In the United States, cataract surgery is widely available. Cataracts mostly affects seniors. Even though the surgery is common with little risk of side-effects, some patients want to hold off on the surgery or avoid it completely. Preliminary research on certain eye drops designed to address cataracts may offer hope to these patients.
Cataracts is a clouding of the lens of the eye. It is caused by oxidative damage from ultraviolet light (UV) exposure over time. Initial symptoms include blurred, clouded or dim vision; increasing difficulty with night vision; sensitivity to glare and light; halos around lights; frequent changes of lens prescription; colors fading/yellowing; and double vision in one eye. It is the leading cause of blindness in the world, mostly due to lack of access to cataract surgery. The surgery replaces the damaged lens with a new, artificial lens.
One study looked at OcluMed eye drops, which contains N-acetylcarnosine, L-carnosine, L-glutathione, cysteine ascorbate and L-cysteine. A group of test subjects who had a total of 24 eyes with early cataracts used the drops twice a day for 6 months. They were evaluated based on visual acuity, glare, contrast sensitivity and subjective response to the medication. While the objective measurements did not show a trend, patients had no adverse effects. Some subjects replaced their artificial tear drops with OcluMed because it made their eyes feel better longer. The researchers felt that a larger study was needed to spot trends and evaluate the product.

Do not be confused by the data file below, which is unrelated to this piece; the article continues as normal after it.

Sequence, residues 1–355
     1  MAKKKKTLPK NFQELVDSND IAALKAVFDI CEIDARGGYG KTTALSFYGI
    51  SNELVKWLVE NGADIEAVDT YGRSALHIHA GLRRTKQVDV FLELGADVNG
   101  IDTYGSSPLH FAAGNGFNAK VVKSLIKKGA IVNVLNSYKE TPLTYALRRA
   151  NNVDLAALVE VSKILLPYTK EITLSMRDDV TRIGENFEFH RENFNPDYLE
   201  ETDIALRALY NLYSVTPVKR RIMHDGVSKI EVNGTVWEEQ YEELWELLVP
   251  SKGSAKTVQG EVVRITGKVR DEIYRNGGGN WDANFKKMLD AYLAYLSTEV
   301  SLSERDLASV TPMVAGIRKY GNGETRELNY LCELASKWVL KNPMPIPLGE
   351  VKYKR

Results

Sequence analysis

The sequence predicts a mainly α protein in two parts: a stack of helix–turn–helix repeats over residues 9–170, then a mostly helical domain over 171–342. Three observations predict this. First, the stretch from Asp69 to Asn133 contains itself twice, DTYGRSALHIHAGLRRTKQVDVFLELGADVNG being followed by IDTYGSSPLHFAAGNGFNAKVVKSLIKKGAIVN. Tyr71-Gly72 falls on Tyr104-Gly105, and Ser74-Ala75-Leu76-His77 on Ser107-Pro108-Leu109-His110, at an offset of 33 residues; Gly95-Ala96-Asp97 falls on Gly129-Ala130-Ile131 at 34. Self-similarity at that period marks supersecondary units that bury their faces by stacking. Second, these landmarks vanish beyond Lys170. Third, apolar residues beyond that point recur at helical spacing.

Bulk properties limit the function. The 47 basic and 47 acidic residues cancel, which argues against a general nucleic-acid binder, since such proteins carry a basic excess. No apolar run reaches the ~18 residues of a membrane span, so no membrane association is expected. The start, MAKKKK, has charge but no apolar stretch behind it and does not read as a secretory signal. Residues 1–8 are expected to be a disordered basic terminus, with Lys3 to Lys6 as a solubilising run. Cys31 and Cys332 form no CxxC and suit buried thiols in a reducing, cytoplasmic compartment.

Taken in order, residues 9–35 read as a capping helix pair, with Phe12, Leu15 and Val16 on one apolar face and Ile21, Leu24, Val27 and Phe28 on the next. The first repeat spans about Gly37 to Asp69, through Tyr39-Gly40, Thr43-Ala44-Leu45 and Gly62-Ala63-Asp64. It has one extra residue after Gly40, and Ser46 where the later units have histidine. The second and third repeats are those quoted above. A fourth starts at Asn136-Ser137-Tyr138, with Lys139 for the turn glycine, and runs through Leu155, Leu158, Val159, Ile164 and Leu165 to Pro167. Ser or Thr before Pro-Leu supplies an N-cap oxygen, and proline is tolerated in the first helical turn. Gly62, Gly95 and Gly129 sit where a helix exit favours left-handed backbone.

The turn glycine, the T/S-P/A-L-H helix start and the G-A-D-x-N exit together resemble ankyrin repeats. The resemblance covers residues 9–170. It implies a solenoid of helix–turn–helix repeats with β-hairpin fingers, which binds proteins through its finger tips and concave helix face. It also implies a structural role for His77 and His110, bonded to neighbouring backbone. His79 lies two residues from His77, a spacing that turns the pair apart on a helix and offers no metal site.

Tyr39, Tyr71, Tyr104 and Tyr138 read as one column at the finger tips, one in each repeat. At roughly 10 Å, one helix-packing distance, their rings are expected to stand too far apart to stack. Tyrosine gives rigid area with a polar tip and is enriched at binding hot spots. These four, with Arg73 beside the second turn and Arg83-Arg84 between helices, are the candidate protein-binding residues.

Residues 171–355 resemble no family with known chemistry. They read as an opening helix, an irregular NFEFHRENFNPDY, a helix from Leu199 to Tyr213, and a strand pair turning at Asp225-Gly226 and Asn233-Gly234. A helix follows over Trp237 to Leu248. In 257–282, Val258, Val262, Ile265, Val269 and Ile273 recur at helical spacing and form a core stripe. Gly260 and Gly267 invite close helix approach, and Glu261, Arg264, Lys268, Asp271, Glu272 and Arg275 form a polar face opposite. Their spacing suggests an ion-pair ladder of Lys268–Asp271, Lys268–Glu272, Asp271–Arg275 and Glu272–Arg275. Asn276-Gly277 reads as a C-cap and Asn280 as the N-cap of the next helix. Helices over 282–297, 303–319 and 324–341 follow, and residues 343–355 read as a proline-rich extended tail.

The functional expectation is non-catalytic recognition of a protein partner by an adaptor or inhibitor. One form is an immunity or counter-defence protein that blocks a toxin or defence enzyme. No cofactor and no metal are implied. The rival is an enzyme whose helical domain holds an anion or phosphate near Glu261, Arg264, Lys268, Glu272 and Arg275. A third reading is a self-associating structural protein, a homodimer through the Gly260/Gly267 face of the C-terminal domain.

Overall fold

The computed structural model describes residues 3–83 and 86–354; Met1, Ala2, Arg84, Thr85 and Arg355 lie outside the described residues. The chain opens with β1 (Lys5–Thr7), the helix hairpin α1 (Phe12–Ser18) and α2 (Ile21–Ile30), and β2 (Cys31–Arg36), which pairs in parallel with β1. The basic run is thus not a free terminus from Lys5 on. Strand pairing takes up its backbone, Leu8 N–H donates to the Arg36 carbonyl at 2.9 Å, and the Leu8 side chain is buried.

A study of the animal version of OcluMed, called “OcluVet,” found a measurable reduction in cataracts in 80% of rat eyes. This result is especially relevant to pet owners, because cataracts surgery on animals is expensive and risky.
A small (49 eyes) study on N-acetylcarnosine drops found 90% of eyes had improvements in best corrected visual acuity; and more than 88% had improved glare sensitivity.
Antioxidant drops designed to halt or slow the progress of cataracts may be helpful for patients in the US. They may also assist impoverished nations, whose ageing population may not have adequate access to vision-saving cataracts surgery.
Related: Learn about supporting lens health.
Source: “Antioxidant eye drops provide another option for cataract patients.” Primary Care Optometry News, October 2015. Jamie C. Wohlhagen, OD; Robert Abel Jr., MD